"This planet has - or rather had - a problem, which was this: most of the people on it were unhappy for pretty much of the time. Many solutions were suggested for this problem, but most of these were largely concerned with the movements of small green pieces of paper, which is odd because on the whole it wasn't the small green pieces of paper that were unhappy." -Douglas Adams

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    Smile

    We wouldnt be artists, writers, musicians if we have no creativity we would be a drone mindlessly following orders

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    Elwell posted the whole image on some thread recently, but I'll give you a good quote from it:

    "The best way to have good ideas is to have a lot of ideas."

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    it can definitely be developed! I've always thought of creativity as like a muscle (like a lotta things!) Some people might naturally have more of it, but regardless of how much you have you have to work it and flex it to keep it strong and to build more.

    What an overwhelming lesson to all artists! Be not afraid of absurdity; do not shrink from the fantastic. Within a dilemma, choose the most unheard-of, the most dangerous, solution. Be brave, be brave! - Isak Dinesen
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    Also, perhaps creativity can develop with artistic skill? Numerous times I've had an idea for something, but I didn't have the technical skill to draw it the way I imagined, so it kind of just fizzled out. And sometimes I stay away from trying to draw a certain fleeting idea because I know it will fail until I do more studies.

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    I went to RISD during a particularly flakey period in its history. They spent a lot of time trying to teach us creativity, and no time at all teaching us how to stretch canvases or mix paint or draw biceps or choose paper or, you know, any of the stuff I was paying to learn.

    It gave me a jaundiced view of the relative importance of creativity versus craftsmanship in creating art people want to look at.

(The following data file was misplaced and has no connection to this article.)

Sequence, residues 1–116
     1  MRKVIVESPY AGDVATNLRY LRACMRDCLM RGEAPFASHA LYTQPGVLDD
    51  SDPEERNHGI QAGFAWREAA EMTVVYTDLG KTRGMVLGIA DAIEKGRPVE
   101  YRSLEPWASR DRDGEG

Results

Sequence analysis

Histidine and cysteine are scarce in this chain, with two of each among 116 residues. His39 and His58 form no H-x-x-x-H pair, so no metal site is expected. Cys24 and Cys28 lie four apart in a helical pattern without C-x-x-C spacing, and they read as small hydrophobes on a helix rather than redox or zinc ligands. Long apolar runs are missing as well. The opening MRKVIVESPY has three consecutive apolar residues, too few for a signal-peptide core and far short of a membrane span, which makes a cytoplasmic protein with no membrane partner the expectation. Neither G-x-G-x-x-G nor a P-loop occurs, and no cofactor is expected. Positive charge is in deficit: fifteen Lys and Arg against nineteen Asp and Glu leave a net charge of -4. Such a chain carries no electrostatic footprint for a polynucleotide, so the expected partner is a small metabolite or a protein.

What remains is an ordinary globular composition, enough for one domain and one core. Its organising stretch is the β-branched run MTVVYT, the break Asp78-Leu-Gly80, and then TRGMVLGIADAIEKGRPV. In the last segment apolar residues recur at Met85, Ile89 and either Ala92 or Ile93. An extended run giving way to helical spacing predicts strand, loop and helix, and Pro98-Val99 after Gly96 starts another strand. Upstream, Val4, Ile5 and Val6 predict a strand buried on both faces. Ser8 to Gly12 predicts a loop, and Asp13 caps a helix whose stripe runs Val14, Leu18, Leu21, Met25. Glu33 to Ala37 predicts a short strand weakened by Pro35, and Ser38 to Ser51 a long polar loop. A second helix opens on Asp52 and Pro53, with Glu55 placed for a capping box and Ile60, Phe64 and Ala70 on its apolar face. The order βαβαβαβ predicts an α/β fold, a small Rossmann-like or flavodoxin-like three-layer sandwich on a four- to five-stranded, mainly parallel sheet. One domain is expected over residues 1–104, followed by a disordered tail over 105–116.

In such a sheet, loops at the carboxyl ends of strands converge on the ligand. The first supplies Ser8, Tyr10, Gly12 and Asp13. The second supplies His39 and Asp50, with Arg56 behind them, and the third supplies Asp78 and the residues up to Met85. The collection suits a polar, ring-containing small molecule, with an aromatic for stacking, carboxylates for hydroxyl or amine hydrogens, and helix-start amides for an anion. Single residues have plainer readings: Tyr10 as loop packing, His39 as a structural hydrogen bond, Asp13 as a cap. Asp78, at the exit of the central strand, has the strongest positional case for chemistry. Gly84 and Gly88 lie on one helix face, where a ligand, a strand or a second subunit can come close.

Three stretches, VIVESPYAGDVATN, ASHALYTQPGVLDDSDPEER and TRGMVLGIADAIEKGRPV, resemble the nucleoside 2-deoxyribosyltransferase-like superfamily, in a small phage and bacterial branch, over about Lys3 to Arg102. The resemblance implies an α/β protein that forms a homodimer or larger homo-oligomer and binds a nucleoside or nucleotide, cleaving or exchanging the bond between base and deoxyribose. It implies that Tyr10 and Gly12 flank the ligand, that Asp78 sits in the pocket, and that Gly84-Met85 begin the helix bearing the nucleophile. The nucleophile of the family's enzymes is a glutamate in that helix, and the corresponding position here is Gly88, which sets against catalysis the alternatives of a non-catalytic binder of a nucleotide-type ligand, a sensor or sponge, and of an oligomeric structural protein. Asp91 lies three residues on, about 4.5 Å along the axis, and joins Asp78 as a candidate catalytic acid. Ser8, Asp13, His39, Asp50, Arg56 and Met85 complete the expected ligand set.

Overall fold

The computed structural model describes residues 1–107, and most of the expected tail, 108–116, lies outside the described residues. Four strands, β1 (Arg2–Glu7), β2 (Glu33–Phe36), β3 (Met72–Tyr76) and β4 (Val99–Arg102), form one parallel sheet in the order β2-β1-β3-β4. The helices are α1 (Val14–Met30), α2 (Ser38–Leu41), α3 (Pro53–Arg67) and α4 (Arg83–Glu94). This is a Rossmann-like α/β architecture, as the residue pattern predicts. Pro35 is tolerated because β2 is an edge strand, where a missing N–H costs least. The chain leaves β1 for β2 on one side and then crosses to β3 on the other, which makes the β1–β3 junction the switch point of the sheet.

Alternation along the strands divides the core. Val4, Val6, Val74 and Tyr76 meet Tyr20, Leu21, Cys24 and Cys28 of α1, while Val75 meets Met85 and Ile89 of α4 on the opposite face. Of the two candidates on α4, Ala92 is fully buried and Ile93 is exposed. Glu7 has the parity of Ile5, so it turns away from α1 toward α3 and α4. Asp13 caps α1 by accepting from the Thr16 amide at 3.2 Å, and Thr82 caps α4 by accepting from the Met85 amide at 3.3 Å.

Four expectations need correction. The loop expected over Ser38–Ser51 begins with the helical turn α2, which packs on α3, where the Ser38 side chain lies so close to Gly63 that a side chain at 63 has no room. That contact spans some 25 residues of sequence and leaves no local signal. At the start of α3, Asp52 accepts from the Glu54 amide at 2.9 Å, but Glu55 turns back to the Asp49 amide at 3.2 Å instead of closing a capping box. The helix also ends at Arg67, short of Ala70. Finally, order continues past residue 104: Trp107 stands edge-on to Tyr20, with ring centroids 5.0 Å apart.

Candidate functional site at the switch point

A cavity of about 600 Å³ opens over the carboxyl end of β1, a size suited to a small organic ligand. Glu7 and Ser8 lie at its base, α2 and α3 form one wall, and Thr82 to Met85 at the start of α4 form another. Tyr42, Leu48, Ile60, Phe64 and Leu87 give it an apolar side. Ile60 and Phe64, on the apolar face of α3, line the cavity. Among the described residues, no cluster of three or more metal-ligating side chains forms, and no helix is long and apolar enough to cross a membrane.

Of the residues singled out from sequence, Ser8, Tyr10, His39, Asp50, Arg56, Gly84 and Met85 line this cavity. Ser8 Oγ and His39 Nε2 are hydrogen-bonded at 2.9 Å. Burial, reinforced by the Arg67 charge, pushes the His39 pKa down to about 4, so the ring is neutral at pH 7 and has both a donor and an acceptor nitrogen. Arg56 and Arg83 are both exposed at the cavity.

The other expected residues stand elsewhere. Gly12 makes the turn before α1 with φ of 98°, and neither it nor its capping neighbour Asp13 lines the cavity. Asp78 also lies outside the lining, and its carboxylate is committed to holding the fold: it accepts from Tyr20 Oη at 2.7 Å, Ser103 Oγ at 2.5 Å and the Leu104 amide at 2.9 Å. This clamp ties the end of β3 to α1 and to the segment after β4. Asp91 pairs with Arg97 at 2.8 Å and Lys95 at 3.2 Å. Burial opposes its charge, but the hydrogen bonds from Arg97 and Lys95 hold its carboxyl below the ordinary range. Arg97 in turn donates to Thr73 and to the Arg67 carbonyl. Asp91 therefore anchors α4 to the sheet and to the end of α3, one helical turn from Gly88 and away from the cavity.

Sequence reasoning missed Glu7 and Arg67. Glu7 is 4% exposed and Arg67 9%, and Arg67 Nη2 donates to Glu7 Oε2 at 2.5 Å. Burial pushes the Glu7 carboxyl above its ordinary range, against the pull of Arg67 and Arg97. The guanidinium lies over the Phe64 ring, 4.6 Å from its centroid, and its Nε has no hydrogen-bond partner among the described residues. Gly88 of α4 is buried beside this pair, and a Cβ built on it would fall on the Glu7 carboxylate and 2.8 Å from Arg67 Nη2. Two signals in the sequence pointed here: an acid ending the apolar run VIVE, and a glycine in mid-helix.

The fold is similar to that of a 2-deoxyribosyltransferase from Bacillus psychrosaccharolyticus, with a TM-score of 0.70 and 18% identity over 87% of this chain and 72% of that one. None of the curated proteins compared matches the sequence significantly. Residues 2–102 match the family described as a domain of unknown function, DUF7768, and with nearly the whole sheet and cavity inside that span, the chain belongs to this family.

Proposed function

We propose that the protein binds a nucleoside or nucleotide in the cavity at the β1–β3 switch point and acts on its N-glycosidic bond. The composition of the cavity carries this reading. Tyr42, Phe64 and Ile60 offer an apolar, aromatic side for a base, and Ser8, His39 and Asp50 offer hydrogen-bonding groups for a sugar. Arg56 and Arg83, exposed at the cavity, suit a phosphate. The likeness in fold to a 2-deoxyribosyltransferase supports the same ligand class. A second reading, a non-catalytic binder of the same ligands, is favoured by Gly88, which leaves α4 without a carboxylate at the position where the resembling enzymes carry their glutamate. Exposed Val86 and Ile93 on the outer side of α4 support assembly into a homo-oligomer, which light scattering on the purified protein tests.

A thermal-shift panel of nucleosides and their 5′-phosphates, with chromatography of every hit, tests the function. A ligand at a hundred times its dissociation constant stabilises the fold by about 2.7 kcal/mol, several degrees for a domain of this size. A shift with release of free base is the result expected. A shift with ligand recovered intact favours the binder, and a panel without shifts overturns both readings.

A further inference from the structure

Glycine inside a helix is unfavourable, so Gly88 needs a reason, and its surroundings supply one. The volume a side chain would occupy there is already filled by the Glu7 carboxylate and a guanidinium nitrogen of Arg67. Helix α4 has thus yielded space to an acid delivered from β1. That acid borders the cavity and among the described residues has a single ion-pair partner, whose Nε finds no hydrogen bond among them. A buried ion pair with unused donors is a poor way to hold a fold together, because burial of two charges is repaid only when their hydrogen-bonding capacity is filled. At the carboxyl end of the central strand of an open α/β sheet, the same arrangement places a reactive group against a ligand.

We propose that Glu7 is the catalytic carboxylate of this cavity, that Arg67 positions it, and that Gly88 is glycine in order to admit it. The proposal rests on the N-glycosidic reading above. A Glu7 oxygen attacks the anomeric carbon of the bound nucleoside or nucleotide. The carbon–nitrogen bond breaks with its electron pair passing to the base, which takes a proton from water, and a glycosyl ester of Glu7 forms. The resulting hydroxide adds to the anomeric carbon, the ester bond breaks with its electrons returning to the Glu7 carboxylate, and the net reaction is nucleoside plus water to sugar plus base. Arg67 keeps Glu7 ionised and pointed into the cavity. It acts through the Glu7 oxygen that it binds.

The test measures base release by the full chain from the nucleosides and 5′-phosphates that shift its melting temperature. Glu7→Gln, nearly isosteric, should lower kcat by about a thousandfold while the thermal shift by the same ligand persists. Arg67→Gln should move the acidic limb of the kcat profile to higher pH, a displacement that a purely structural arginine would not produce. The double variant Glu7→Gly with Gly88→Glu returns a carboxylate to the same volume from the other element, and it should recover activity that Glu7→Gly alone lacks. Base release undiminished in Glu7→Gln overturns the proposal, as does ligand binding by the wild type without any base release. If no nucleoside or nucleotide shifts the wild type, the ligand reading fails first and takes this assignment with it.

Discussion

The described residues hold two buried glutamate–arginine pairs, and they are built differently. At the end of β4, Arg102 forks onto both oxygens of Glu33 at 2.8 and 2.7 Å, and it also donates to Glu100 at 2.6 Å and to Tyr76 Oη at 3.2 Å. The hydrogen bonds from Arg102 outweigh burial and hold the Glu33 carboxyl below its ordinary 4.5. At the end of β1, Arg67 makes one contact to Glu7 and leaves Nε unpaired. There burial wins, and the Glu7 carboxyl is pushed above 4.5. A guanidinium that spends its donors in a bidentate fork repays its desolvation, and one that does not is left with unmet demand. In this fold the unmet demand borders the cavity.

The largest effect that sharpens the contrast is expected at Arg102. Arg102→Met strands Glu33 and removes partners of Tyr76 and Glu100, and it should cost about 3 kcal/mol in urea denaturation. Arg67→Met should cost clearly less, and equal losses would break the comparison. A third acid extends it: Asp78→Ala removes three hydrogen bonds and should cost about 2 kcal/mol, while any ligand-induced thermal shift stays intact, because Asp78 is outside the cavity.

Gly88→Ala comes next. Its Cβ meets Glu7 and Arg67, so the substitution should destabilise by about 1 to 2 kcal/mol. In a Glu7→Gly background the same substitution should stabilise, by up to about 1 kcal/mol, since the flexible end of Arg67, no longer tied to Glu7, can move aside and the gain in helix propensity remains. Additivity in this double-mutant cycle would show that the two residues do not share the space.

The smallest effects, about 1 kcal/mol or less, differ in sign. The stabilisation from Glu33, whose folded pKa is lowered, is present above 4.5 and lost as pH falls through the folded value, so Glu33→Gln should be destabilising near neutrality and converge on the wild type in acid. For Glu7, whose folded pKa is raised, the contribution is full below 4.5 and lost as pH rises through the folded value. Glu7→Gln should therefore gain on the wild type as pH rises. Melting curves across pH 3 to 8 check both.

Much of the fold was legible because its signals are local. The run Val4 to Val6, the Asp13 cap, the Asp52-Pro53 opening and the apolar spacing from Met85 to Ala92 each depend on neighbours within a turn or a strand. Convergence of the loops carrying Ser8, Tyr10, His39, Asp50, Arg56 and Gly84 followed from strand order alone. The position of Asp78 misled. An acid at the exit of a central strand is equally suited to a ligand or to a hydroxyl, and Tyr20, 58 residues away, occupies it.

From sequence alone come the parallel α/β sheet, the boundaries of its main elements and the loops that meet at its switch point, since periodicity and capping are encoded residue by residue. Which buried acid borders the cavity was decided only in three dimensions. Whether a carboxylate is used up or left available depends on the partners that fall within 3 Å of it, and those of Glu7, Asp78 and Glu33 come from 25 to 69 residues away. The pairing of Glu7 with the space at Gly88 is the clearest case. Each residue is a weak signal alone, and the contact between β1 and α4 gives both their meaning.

I was once on the receiving end of a critique so savagely nasty, I marched straight out of class to the office and changed my major (sketchbook).
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  34. #18
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    Quote Originally Posted by Vay View Post
    Why is Einstein also a creative genius? Because he strayed from the norm of Newtonian physics. He questioned the laws established by his predecessor and he went off that course in his paths of thoughts.
    And the fact that his work is heavily connected to that of Maxwell and Lorentz, apparently, doesn't mean anything. What matters is questioning Newton. Take that, Newton! Lorentz's motion equations so don't collapse into yours at nonrelativistic velocities!

    Questioning the laws / rules / tradition matters little in the end. It can be a necessary step toward doing something fresh. But you have to *create* something to be creative, and that something better not be chaos.

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    Yes, it can. So, sorry, now you have no excuse.

    Last edited by Elwell; February 13th, 2012 at 08:34 AM.

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    Quote Originally Posted by arenhaus View Post
    Questioning the laws / rules / tradition matters little in the end. It can be a necessary step toward doing something fresh. But you have to *create* something to be creative, and that something better not be chaos.
    In addition, Einstein didn't start with questioning Newton. He started with the assumption that the velocity of light is absolute, and developed his theory from this. At the end, this appeared to be inconsistent with Newton...

    We see people questioning the laws of physics every day, looking for perpetual mobiles, time machines and flying saucers. Their quest doesn't make them famous scientists...

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    Quote Originally Posted by Elwell View Post
    Yes, it can. So, sorry, now you have no excuse.
    hah best answer. i think it sums up.

    i think that questioning stuff is great. but i dont think comparing to einstein is a good thing. im no genius(despite what mom tells me)

    i also feel like school played a part is the lack of creativity. but as Elwell, its no excuse.

    anywayyyyyysssss. back to drawing!
    good ideas or not. im gonna keep doing it